• Red Dwarf: The episode "Entangled" has the crew come across a scientist who had created a device which would evolve humanity into the next stage. However, she had got it hopelessly wrong (having been picked because she had a thing for getting stuff wrong) and used the device to accidentally devolve herself into an ape instead.
  • One of the more ludicrous episodes ("Lost Contact") of Relic Hunter involved the discovery of a prehistoric sacrificial bowl which contained ancient spores that, once exposed to sunlight, caused anyone who became infected by them (like through a cut) to turn into Homo heidelbergensis.
  • Stargate SG-1 episode "The Touched" has an alien virus that turns people into neanderthals.
  • Star Trek several examples:
    • The Next Generation: In "Genesis", the crew begins to "devolve" into various lower animals with no rhyme or reason. The show attempts to justify the stock "devolution" story with Techno Babble about "activating the introns in the genetic code". At the time, the idea of introns as "fossil" or "junk" DNA left over from a species' ancestors was still in vogue. (There actually is "junk" DNA, but most of it seems to be deactivated viral code or parasitic "jumping genes" instead of fragments of formerly-useful genes. Occasionally transcription errors happen to make some of this into something useful to the organism; it's believed that the mutation that prevented the mammalian immune system from rejecting the placenta of a fetus might have come from such viral junk, for example.)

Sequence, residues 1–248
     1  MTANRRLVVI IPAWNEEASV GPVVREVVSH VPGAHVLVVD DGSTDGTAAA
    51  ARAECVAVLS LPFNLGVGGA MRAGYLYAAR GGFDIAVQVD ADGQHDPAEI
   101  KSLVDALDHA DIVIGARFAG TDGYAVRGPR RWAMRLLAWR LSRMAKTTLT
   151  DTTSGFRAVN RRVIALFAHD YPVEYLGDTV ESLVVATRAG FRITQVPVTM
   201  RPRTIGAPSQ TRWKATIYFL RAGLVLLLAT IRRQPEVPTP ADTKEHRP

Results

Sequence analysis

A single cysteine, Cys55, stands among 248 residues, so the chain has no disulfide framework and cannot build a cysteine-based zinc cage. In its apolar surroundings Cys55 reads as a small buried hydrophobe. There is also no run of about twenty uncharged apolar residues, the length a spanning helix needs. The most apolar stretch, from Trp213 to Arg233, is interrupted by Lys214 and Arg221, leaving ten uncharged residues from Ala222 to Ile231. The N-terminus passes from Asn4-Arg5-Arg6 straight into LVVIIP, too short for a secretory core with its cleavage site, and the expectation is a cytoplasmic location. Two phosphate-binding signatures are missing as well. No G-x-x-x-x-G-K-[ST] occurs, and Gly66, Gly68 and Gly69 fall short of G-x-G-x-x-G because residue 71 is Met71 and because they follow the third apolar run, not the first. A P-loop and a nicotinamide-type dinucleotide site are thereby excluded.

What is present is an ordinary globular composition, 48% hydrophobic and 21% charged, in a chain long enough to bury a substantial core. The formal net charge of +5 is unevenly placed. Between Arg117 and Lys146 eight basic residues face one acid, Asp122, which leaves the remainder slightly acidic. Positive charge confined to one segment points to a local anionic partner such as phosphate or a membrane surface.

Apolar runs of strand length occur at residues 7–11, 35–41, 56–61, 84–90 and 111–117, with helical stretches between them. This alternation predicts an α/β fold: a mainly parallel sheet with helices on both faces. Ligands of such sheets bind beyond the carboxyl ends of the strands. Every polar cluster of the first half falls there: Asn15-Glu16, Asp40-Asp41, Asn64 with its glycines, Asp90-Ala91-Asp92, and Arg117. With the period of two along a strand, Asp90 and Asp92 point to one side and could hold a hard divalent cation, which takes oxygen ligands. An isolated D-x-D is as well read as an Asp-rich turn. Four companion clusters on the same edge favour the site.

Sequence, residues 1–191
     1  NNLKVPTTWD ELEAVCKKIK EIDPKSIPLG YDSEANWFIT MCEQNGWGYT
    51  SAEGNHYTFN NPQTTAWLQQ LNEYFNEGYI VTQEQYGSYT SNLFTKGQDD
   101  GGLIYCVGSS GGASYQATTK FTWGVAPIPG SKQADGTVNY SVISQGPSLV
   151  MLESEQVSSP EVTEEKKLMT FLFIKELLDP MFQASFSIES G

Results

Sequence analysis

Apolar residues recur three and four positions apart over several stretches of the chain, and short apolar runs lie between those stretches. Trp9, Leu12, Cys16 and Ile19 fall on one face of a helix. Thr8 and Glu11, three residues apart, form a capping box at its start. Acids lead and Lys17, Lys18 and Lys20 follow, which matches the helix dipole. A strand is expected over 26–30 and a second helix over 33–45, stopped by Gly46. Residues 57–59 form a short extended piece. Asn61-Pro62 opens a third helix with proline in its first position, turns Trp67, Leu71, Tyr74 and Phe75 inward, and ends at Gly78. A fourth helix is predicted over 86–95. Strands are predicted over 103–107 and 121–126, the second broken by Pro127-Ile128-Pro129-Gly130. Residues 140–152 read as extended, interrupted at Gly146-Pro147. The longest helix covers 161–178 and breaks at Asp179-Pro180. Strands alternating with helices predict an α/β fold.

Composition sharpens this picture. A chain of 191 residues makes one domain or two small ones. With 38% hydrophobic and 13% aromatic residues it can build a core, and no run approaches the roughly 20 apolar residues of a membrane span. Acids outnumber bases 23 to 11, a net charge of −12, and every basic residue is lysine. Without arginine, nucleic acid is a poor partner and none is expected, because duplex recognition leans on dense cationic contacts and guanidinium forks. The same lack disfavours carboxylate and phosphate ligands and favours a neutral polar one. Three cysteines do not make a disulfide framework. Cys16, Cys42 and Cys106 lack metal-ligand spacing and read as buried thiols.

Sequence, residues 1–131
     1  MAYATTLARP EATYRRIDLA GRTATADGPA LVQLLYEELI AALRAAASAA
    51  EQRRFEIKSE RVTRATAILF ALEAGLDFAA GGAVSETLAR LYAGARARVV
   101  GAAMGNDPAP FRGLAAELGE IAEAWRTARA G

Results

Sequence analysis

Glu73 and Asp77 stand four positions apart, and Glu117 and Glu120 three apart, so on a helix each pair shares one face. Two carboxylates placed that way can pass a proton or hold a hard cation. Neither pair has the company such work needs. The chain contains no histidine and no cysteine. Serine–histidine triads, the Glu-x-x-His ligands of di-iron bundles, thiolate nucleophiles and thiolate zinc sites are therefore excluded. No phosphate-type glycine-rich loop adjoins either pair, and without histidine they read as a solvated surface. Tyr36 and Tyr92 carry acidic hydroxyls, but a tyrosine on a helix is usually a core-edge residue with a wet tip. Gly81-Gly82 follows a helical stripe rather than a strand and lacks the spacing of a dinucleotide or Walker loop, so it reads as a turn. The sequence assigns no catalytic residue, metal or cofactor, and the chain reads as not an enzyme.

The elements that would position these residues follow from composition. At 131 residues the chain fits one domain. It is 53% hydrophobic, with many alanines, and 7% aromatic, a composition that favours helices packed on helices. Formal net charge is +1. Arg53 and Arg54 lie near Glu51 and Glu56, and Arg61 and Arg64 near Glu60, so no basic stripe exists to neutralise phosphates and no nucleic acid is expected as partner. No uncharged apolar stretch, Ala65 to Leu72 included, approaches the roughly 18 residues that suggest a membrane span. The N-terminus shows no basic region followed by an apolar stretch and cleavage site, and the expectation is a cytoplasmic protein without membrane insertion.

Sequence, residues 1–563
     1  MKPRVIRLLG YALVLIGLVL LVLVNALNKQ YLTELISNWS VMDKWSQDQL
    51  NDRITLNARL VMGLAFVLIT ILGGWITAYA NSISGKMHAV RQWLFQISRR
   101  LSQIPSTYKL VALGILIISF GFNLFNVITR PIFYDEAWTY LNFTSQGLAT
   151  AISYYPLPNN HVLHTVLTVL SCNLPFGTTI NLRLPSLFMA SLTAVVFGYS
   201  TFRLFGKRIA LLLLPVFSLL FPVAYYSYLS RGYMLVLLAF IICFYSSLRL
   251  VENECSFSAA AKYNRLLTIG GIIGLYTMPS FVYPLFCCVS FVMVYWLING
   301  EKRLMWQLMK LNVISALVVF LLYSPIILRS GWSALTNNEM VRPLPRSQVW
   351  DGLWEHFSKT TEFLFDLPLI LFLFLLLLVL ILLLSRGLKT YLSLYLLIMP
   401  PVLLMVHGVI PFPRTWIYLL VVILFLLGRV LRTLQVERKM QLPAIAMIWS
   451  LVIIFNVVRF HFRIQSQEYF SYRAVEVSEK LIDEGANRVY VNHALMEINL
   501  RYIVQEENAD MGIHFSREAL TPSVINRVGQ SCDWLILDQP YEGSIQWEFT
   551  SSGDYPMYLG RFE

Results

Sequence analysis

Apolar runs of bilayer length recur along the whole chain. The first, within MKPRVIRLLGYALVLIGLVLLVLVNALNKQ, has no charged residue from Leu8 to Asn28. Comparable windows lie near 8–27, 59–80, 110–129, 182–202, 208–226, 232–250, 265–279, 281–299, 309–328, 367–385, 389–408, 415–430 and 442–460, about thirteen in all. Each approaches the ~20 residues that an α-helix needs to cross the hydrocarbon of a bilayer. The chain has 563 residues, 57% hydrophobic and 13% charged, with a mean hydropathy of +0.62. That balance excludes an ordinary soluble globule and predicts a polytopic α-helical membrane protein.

• Star Trek: Voyager: In "Threshold", a flight test at Ludicrous Speeds causes a character to "evolve" rapidly (just enough technobabble was applied to work around the fact that individuals do not themselves evolve; technically, he "experienced mutations consistent with the pattern of human evolution"), whose end-state is to turn him into a giant salamander with a Fu Manchu mustache. The fact that so many fans complained that "That's not evolving; it's devolving!" shows that TV has corrupted our understanding of evolution — there's no such thing as "devolving": evolution does not lead inevitably toward bigger, smarter creatures who would necessarily seem "more advanced" by human standards. Brannon Braga says this was the idea he tried to get across, but admits he failed spectacularly.

    Multiple Media 
  • BIONICLE's Kanohi Ignika, the Legendary Mask of Life. Having been sentient, it was able to do this to others by itself, without a user. It can also do the opposite, increasing a creature's evolutionary level, because hey, it's the Mask of Life.